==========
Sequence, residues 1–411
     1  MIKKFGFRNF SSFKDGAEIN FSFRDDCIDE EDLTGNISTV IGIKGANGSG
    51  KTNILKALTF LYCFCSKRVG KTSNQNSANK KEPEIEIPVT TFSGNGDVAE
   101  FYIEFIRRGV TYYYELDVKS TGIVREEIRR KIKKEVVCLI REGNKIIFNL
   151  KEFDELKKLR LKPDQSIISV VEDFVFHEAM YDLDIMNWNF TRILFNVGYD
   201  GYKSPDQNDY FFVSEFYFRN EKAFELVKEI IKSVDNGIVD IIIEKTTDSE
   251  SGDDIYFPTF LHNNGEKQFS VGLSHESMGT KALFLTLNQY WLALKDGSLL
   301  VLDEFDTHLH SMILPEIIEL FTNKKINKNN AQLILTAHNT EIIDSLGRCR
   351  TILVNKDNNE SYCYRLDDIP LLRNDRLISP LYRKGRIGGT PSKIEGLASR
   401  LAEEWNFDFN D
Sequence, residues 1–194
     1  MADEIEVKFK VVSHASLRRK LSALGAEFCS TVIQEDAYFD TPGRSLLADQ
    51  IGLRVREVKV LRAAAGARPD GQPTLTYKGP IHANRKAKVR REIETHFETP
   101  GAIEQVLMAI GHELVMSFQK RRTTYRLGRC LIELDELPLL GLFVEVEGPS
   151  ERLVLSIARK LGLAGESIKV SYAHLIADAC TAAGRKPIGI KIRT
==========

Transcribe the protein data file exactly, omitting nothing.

Sequence, residues 1–411
     1  MIKKFGFRNF SSFKDGAEIN FSFRDDCIDE EDLTGNISTV IGIKGANGSG
    51  KTNILKALTF LYCFCSKRVG KTSNQNSANK KEPEIEIPVT TFSGNGDVAE
   101  FYIEFIRRGV TYYYELDVKS TGIVREEIRR KIKKEVVCLI REGNKIIFNL
   151  KEFDELKKLR LKPDQSIISV VEDFVFHEAM YDLDIMNWNF TRILFNVGYD
   201  GYKSPDQNDY FFVSEFYFRN EKAFELVKEI IKSVDNGIVD IIIEKTTDSE
   251  SGDDIYFPTF LHNNGEKQFS VGLSHESMGT KALFLTLNQY WLALKDGSLL
   301  VLDEFDTHLH SMILPEIIEL FTNKKINKNN AQLILTAHNT EIIDSLGRCR
   351  TILVNKDNNE SYCYRLDDIP LLRNDRLISP LYRKGRIGGT PSKIEGLASR
   401  LAEEWNFDFN D
Sequence, residues 1–194
     1  MADEIEVKFK VVSHASLRRK LSALGAEFCS TVIQEDAYFD TPGRSLLADQ
    51  IGLRVREVKV LRAAAGARPD GQPTLTYKGP IHANRKAKVR REIETHFETP
   101  GAIEQVLMAI GHELVMSFQK RRTTYRLGRC LIELDELPLL GLFVEVEGPS
   151  ERLVLSIARK LGLAGESIKV SYAHLIADAC TAAGRKPIGI KIRT